A new portrait of the Queen that will appear on coins has been unveiled - but it may be some time before the updated money starts showing up in people's wallets.
UPDATE: 4 Alternative Versions Of The Queen's Coin Portrait (For A 21st Century Monarch)
It is only the fifth definitive coin portrait to have been created during the Queen's reign, and the first new picture since 1998.
It has been designed by Jody Clark - the youngest of five designers who have created the portraits of the Queen for UK circulating coins during her 63-year reign.
The slider below compares the queen's first coin portrait with today's up-to-date design:
The Queen's first coin portrait from 1953 [left] and today's new version
The 2015 portrait shows a side profile of the Queen wearing a crown and drop earrings. Her first coin portrait, issued in 1953, depicted the monarch wearing a wreath of laurel, which was thought to reflect the country's optimism as it greeted a new queen in the post-Second World War era.
There were estimated to be around 28.9 billion UK coins in circulation at March 31 last year, with a total face value of more than £4 billion.
Chief engraver at the Royal Mint Gordon Summers described the design task as "probably one of the most difficult things for any artist or sculptor to do".
Clark, the designer, said: "I really liked the four previous coin portraits - each one is strong in its own way.
"I hope that I've done Her Majesty justice and captured her as I intended, in a fitting representation. The news that my design had been chosen was quite overwhelming, and I still can't quite believe that my royal portrait will be featured on millions of coins, playing a small part in the Royal Mint's 1,000-year history."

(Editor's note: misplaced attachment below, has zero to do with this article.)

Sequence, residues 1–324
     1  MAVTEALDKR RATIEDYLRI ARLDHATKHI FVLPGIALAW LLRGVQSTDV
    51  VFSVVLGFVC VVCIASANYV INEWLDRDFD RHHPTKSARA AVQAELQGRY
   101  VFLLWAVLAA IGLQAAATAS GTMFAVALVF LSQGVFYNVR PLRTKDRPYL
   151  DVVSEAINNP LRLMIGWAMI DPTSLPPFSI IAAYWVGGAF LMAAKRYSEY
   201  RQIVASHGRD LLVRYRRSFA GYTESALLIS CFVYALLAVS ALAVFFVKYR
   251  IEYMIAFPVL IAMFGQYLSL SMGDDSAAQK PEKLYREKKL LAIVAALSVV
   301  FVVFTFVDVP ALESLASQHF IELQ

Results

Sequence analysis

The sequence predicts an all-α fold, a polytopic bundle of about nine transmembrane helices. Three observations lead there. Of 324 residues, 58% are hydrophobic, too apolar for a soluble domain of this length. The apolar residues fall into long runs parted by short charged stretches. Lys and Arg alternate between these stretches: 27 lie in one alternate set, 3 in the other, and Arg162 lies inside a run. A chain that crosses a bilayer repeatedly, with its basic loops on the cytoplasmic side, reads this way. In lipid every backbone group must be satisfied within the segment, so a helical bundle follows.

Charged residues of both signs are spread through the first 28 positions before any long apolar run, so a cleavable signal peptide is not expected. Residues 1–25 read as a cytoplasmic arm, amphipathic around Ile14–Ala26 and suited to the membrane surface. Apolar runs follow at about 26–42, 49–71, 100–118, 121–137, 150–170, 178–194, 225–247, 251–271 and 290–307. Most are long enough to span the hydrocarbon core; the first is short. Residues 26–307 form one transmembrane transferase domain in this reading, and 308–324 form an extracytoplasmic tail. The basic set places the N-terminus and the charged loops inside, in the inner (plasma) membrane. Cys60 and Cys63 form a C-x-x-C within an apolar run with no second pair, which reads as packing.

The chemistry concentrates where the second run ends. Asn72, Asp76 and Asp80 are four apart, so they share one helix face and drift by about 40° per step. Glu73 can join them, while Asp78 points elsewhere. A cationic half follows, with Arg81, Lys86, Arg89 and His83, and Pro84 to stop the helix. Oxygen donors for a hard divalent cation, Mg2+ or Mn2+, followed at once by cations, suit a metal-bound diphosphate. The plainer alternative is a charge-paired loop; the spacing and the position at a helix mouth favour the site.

Mr Clark, who is originally from the Lake District and who celebrated his 34th birthday yesterday, said his family are "really proud", adding: "They've had to keep quiet about this.
"It's going to be hard to top this. It's going to take a while to sink in."
He said his top priority was to create an "accurate" representation of the Queen.
He added: "I'm really happy with how it's turned out. I can only hope everyone appreciates it."
QUEEN ELIZABETH II ON COINS OVER THE YEARS
Kevin Clancy, director of the Royal Mint Museum, said the judging panel's decision was "pretty unanimous" and added that this latest portrait is "astonishingly significant". He said it had "a good likeness and a dignified likeness".
Mr Clancy said there was not a "strict brief" sent to potential designers.
Mr Clark's portrayal of the Queen, wearing the Royal Diamond Diadem crown worn for her Coronation, was selected in a closed competition organised by the Royal Mint Advisory Committee (RMAC), a consultative panel to HM Treasury comprising experts from such fields as history, sculpture, architecture, art and design.
A number of specialist designers from across Britain were invited to submit their own interpretations of the Queen's portrait under anonymous cover, and each one was judged on its merits and suitability before the winning artwork was recommended to the Chancellor and, ultimately, the Queen for approval.
Adam Lawrence, chief executive of the Royal Mint, said: "This change of royal portrait will make 2015 a vintage year for UK coins, and it will be hugely exciting for us all to see the new design appear on the coins we use every day.
"Jody's achievement is something that we can celebrate as a proud moment for the Royal Mint.
"Capturing a portrait on the surface of a coin demands the utmost skill, and is one of the most challenging disciplines of the coin designer's art.
"The last Royal Mint engraver to be commissioned to undertake a royal portrait was George William de Saulles, who engraved the portrait of Edward VII which first appeared on the coinage in 1902."
Coins featuring the new effigy go into production today and the public are being urged to keep an eye on their coins later this year when it will start to appear.